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Greek alphabet

The Greek language is written in the Greek alphabet, developed in classical times (ca 9th century BC) and passed down to the present. In ancient Greece its letters were also used to represent numbers, called Greek numerals, analogous to Roman numerals. Besides writing modern Greek, today its letters are used as mathematical symbols, as names of stars and fraternities and sororities, and for other purposes.

The Greek alphabet was a modification of the Phoenician alphabet (represented in the table below by the Hebrew alphabet, a modern adaptation). It in turn has given rise to other scripts such as the Latin and Cyrillic alphabets. See alphabet: history and diffusion.

Contents

Main table

The Greek letters and their derivations are as follows (pronunciations transcribed using the International Phonetic Alphabet):

Letter Name Pronunciation Numeric value Corresponding Hebrew letter HTML entity Latin transliteration (but see diphthongs, etc.)
Greek Traditional transcription Pronunciation
classical modern old classical modern
Α α Alpha [ˈalfa]   [a] [a:] [a] 1 א 'Aleph α a
Β β βῆτα Beta [ˈbɛːta] [ˈvita]   [b] [v] 2 ב Bet β b
Γ γ γάμμα Gamma [ˈgamma] [ˈɣama]   [g] [j] before [e] or [i]; [ɣ] otherwise 3 ג Gimel γ g
Δ δ δέλτα Delta [ˈdelta] [ˈðelta]   [d] [ð] 4 ד Dalet δ d
Ε ε ἒ ψιλόν Epsilon [ˈe psiˈlon] [ˈepsilon]   [e] [e] 5 ה He ε e
Ϝ ϝ (1) Ϝαυ ? Digamma [ˈwau] ? [ˈðiɣama] [w] - - 6 ו Vav Ϝ w
Ζ ζ ζῆτα Zeta [ˈzdɛːta] [ˈzita]   [zd], later [zː] [z] 7 ז Zayin ζ z, s (between vowels)
Η η ἦτα Eta [ˈɛːta] [ˈita] [ɛː] [h] [ɛː] [i] 8 ח Het η ē, e, ê
Θ θ θῆτα Theta [ˈtʰθɛːta] [ˈθita]   [tʰ] [θ] 9 ט Tet θ th
Ι ι ἰῶτα Iota [ˈiɔːta] [ˈjota]   [i] [iː] [i] [j] 10 י Yod ι i
Κ κ κάππα Kappa [ˈkappa] [ˈkapa]   [k] [k] 20 ך כ Kaf κ k, c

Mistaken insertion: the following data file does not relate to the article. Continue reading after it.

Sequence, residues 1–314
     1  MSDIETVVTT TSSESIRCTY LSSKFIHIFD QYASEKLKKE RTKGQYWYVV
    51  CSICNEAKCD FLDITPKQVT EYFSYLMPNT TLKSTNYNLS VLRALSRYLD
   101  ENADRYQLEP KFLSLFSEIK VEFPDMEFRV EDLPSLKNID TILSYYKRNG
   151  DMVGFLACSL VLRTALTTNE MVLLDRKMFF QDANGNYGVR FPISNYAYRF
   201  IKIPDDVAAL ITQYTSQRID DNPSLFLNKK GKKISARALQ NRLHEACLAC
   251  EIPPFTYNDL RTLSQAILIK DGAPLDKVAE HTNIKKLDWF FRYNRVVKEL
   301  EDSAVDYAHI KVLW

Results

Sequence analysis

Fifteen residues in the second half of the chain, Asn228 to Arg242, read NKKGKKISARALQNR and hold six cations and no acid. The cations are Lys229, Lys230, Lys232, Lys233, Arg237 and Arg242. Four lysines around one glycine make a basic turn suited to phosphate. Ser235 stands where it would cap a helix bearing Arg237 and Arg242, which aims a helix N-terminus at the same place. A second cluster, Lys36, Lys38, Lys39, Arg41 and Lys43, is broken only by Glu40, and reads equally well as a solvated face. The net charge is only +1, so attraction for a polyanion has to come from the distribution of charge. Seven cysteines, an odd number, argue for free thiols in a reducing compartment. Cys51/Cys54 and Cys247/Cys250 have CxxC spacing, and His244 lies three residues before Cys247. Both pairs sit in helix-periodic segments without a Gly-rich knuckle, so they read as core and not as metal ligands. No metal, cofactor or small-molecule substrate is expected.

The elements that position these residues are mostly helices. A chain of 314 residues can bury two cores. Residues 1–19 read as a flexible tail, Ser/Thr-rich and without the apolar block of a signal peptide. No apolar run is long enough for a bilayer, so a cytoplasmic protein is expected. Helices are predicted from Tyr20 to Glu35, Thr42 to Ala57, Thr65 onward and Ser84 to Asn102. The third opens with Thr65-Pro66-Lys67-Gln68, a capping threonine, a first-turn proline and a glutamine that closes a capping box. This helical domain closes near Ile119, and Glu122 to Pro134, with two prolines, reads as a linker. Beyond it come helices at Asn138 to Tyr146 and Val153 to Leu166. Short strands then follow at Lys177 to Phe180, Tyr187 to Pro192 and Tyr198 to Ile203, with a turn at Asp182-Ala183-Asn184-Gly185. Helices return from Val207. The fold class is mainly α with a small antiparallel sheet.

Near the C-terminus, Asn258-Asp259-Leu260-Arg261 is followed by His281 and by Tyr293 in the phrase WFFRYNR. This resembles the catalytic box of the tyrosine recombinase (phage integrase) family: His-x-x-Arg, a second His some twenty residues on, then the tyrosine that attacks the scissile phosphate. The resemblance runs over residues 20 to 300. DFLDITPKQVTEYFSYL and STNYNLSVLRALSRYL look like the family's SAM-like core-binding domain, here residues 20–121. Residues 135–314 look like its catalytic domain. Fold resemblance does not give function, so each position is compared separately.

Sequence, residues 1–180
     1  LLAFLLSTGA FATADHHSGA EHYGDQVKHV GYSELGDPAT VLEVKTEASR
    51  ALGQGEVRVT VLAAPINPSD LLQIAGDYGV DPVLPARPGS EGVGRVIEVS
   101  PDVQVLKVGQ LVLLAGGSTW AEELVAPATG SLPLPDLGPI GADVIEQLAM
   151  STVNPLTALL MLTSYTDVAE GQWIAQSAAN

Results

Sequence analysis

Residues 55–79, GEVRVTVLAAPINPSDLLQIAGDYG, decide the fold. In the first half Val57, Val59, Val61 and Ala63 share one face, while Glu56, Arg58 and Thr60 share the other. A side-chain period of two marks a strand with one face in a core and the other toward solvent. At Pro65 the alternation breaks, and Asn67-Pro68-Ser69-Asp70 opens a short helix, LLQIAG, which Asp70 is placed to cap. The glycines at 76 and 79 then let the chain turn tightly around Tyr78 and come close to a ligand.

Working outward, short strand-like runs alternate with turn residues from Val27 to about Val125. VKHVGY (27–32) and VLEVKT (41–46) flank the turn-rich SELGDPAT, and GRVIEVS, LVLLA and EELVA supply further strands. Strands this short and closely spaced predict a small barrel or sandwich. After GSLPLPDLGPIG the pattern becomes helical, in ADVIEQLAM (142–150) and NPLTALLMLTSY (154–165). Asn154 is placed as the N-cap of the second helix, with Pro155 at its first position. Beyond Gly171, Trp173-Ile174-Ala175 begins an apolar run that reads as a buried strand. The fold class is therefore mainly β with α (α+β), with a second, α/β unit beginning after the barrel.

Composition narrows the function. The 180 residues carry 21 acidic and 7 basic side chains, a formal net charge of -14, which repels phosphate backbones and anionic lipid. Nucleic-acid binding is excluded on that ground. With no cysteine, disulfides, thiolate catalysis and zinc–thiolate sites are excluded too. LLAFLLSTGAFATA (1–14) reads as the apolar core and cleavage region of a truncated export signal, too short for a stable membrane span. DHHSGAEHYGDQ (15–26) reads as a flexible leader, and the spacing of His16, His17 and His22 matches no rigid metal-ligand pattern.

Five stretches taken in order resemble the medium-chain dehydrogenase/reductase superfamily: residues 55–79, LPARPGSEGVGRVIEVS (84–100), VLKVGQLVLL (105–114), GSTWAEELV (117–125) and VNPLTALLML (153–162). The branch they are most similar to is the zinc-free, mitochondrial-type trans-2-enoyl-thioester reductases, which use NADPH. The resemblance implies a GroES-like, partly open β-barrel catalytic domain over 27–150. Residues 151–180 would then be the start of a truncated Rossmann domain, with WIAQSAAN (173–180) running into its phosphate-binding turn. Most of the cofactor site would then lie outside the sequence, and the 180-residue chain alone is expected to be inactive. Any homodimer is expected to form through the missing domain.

Λ λ λάμβδα Lambda [ˈlambda] [ˈlamða]   [l] [l] 30 ל Lamed λ l
Μ μ μῦ Mu [myː] [mi]   [m] [m] 40 ם מ Mem μ m
Ν ν νῦ Nu [nyː] [ni]   [n] [n] 50 ן נ Nun ν n
Ξ ξ ξῖ Xi [ksiː] [ksi]   [ks] [ks] 60 ס Samekh ξ x, (ks)
Ο ο ὄ μικρόν Omicron [ˈo miˈkron] [ˈomikron]   [o] [o] 70 ע `Ayin ο o
Π π πῖ Pi [piː] [pi]   [p] [p] 80 ף פ Pe π p
M (1) (Ϻ ϻ)   San     [z] - - - ץ צ Tzadik Ϻ ϻ s
Q (1) (Ϙ ϙ)   Qoppa     [k] - - 90 ק Kuf Ϙ ϙ q
Ρ ρ ῥῶ Rho [r̥ɔː] [ro]   [r], [r̥] [r] 100 ר Resh ρ r, rh (beginning a word), rrh (doubled)
Σ σ σῖγμα Sigma [ˈsiːgma] [ˈsiɣma]   [s] [s] 200 ש Shin σ s, ss (between vowels)
  ς Sigma (final) 6 (modern) ς s
Τ τ ταῦ Tau [tau] [taf]   [t] [t] 300 ת Tav τ t
Υ υ ὒ ψιλόν Upsilon [ˈyː psiˈlon] [ˈipsilon] [u] [y] [yː] [i] 400 from ו Vav υ u, y (between consonants)
Φ φ φῖ Phi [pʰiː] [fi]   [pʰ] [f] 500 origin disputed (see text) φ ph
Χ χ χῖ Chi [kʰiː] [xi] [kʰ] [ks] [kʰ] [ç] 600 χ ch, kh
Ψ ψ ψῖ Psi [psiː] [psi]   [ps] [ps] 700 ψ ps
Ω ω ὦ μέγα Omega [ɔːˈmega] [oˈmeɣa]   [ɔː] [o] 800 ω o, ô
Ϡ ϡ (1)   Sampi     [ss] [ks] - - 900 Ϡ ϡ

(1): Letter removed from the alphabet in early times, before the period that is now called "classical". Only capitals were written; the lowercase forms are modern.

Letter combinations and diphthongs

v
Letters Pronunciation Latin transliteration
old classical modern
αι   [] [ɛ] ae
ει [] [e:] [e:] [i] i
οι   [] [i] oe, i (final)
υι   [] [i] ui
ωι   [ɔɪ] [ɔ] o
αυ   [] [av] before voiced sound
[af] before voiceless sound
au, av
ευ   [] [ev] before voiced sound
[ef] before voiceless sound
eu, ev
ηυ   [ɛ:ʊ] [iv] before voiced sound
[if] before voiceless sound
eu
ου [] [o:] [u:] [u] u, ou
γγ (2)   [ŋg] [ŋɡ] ng
γκ (2)   [ŋk] [ɡ] at the beginning of a word
[ŋk] otherwise
nc, nk
γξ (2)   [ŋks] [ŋks] nx, nks
γχ (2)   [ŋx] [ŋ] nch, nkh
μπ - - [b] at the beginning of a word
[mb] otherwise
mp
ντ - - [d] at the beginning of a word
[nd] otherwise
nt

(2): Some scholars see agma as a phoneme in its own right.

Ligatures

Before the days of printing, scribes made use of a number of ligatures to save space, in Greek as in other languages. The ligature for ου — resembling a V above an O — is still sometimes seen. For a modern use of this in the Latin alphabet, see Ou (letter)

Greek in Unicode

There are 2 main blocks of Greek characters in Unicode. The first is "Greek and Coptic" (U+0370 — U+03FF). This block is based on ISO 8859-7 and is sufficient to write Modern Greek. There are also some archaic letters and Greek-based technical symbols.

This block also supports Coptic language; formerly most Coptic letters shared codepoints with looking-alike Greek letters. Since Unicode 4.1, Coptic is disunified from Greek since in many scholarly works, both of them occur, with quite different letter shapes. Still the Coptic letters that have no Greek equivalents remain in this block.

To write polytonic Greek (Old Greek or Katharevousa), one may use combining diacritical marks. However, Unicode also includes a full set of precomposed characters in the "Greek Extended" block (U+1F00 – U+1FFF).

Greek and Coptic

    0 1 2 3 4 5 6 7 8 9 A B C D E F